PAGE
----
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King Case Is Handed to Jury; Deliberations to Resume Today : Trial: Final defense argument is rich in biblical references, while prosecutor calls officers 'bullies with badges.' LAPD is now in a heightened state of readiness.

April 11, 1993|JIM NEWTON | TIMES STAFF WRITER

Almost one year after a state jury returned not guilty verdicts in the case of four police officers accused of beating Rodney G. King, another judge sent the case to another group of jurors Saturday, this time to decide whether the same defendants violated King's civil rights.

"You are now in the hands of the marshals," U.S. District Judge John G. Davies told the jury at 3:07 p.m. "You may retire to the jury room."

Deliberations will resume today at 12:30 p.m., a late start so that some jurors can attend Easter services.

The costliest riots in modern American history swept Los Angeles at the conclusion of last year's state trial, and the federal case ended Saturday in a city tense with anticipation about the verdicts. The Los Angeles Police Department went to a heightened state of readiness at midnight Saturday, adding 600 officers to patrol duties.

The prospect of new rioting has haunted the federal trial from its opening moments. Davies told jurors that they should set aside any information they had learned about the case outside the courtroom and that they should not be "influenced by any external consequences of your verdicts."

After more than six weeks and 61 witnesses, the trial culminated with a pair of closing arguments delivered by a criminal defense attorney and a Justice Department prosecutor who have contrasting styles and who have come to dislike one another during the course of this case.

Harland W. Braun, the lawyer for Officer Theodore J. Briseno, kicked off the trial's final day with an eloquent two-hour presentation, rich in historical and biblical references and bitter in its attack on the government lawyers for indicting his client and for accusing him of lying.

"You call an American citizen--a police officer--a perjurer?" Braun asked the prosecutors. "Prove it."

Barry F. Kowalski, a veteran civil rights lawyer and one of two lead prosecutors in the trial, then concluded the government's case with a long but scrappy rebuttal that called on jurors to use their common sense.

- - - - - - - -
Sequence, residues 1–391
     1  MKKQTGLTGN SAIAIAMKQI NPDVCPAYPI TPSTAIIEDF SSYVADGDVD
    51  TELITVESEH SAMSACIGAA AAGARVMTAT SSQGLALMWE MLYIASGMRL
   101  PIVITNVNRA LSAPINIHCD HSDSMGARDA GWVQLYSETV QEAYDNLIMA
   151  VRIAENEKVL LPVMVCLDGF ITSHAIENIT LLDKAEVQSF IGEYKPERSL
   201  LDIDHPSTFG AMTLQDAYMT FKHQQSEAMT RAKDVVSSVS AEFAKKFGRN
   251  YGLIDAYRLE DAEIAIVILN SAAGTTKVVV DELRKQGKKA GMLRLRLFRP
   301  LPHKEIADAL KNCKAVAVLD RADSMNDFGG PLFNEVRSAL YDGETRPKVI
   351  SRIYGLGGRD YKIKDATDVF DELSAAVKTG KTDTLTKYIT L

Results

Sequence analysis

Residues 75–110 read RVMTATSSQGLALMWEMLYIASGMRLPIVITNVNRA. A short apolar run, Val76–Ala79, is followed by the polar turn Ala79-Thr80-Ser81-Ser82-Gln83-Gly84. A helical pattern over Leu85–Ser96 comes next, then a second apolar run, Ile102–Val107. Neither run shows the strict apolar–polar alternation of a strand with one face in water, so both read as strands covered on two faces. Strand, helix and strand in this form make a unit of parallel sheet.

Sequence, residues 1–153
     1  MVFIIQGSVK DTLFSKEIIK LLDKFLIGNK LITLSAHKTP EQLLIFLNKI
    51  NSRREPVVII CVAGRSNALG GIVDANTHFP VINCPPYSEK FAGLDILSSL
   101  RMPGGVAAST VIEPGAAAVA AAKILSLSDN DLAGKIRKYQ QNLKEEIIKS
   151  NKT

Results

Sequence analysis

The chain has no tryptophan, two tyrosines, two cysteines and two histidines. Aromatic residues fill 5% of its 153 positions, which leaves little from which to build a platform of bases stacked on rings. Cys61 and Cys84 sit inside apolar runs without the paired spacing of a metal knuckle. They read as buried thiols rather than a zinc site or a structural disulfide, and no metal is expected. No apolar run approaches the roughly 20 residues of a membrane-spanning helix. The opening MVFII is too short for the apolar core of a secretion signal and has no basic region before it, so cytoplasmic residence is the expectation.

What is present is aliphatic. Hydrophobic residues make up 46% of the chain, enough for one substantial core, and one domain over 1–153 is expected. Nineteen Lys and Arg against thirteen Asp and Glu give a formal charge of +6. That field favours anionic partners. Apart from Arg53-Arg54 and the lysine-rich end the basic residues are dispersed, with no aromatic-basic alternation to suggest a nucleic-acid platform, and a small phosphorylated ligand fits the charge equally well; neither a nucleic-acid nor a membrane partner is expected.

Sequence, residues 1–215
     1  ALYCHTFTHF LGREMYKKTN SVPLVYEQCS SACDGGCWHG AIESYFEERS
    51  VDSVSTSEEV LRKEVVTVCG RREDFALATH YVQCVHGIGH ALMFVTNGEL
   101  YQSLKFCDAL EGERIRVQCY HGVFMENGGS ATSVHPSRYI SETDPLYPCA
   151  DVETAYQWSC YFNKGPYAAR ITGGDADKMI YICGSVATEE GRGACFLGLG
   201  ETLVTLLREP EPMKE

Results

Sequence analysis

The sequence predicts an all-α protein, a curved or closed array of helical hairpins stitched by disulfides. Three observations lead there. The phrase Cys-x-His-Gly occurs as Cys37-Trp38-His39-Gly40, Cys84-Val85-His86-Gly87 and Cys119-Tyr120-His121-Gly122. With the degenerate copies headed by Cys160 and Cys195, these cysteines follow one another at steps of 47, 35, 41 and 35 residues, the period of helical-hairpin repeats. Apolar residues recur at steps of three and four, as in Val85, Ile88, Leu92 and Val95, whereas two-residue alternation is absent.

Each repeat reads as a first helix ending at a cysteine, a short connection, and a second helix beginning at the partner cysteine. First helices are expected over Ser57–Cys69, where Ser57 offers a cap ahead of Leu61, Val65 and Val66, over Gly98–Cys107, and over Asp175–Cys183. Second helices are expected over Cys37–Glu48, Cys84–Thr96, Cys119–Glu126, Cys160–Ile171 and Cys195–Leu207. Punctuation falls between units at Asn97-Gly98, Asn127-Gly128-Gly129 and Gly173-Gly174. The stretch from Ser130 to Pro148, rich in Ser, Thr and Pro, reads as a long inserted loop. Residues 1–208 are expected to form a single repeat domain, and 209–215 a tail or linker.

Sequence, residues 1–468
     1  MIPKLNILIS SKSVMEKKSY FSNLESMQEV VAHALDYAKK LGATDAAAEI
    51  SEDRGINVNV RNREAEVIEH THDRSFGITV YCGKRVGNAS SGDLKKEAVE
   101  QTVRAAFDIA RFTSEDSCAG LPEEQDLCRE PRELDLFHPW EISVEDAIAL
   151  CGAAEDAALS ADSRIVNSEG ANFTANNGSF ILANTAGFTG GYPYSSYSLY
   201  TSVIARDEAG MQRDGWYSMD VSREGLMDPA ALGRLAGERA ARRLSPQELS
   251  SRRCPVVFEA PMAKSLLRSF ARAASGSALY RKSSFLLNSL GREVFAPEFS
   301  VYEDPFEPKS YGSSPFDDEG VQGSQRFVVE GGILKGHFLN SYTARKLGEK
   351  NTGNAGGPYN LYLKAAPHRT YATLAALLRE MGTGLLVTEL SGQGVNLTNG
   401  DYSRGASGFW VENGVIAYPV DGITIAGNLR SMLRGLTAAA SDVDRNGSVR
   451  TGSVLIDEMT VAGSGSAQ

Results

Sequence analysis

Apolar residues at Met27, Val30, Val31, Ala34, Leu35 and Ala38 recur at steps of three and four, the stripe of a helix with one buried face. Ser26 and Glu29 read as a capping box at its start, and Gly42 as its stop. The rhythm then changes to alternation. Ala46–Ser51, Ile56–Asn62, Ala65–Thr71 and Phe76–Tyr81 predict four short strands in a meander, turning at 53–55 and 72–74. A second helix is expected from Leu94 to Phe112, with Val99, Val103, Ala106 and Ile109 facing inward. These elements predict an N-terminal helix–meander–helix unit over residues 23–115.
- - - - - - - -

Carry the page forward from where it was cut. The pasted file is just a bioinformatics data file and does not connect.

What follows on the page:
"Let's call it like it is, ladies and gentlemen," Kowalski said of the four defendants. "They were bullies with badges."

The case is in the hands of an eight-man, four-woman panel of jurors, composed of nine Anglos, two African-Americans and one Latino. All 12 panelists, as well as three alternates, were selected after a grueling process intended to find citizens who could consider the case impartially. Although they fidgeted in their chairs at times, they stayed attentive for the most part throughout the five weeks of testimony and three days of closing arguments.

Even though they have seen the videotape of the beating dozens of times, they sat forward Saturday and watched again with interest as Kowalski showed it to them one last time.

"Watch the videotape. Use your common sense," Kowalski said. "It's wrong to beat a man who's lying on the ground. You know that in the schoolyard when you're a kid. You don't kick a man when he's down. . . . The law demands that we follow that schoolyard rule."

After the lawyers completed their closing remarks, Davies read 39 instructions to guide jurors in how they should weigh the evidence and in what is required to convict or acquit the officers. After his instructions, he turned the case over to the jurors who deliberated until about 5:45 p.m.

Davies also instructed lawyers for both sides to be within 15 minutes of his courtroom while deliberations are under way so the attorneys can be present if Davies is required to answer questions from the jury. Exact details for disclosing verdicts were unclear, but representatives of the U.S. Marshals Service said they expect that there will be at least one hour's notice when the jury concludes its work.

In addition to Briseno, Officers Laurence M. Powell and Timothy E. Wind are accused of kicking, stomping or beating King with batons, in the process depriving him of his constitutional right to be safe from the intentional use of unreasonable force. The fourth defendant, Sgt. Stacey C. Koon, was the senior officer at the scene of the beating, and he is accused of allowing officers under his supervision to administer an unreasonable beating.

Braun was the final defense lawyer to make his closing argument, and he chose a different approach than his co-counsel.

While the other defense lawyers used copious exhibits and electronic devices, Braun forswore the equipment in favor of what he called an old-fashioned approach.

As he sketched out the evidence in the case, Braun returned again and again to a biblical refrain: "What evil has this man done?" he asked, gesturing time and again at Briseno.

Braun set his tone with his opening sentences, reminding jurors that the trial was concluding on the day between Good Friday and Easter, and he used religious imagery throughout his presentation. Without ever mentioning Jesus by name, Braun structured his remarks around the judgment of Jesus by Pontius Pilate.

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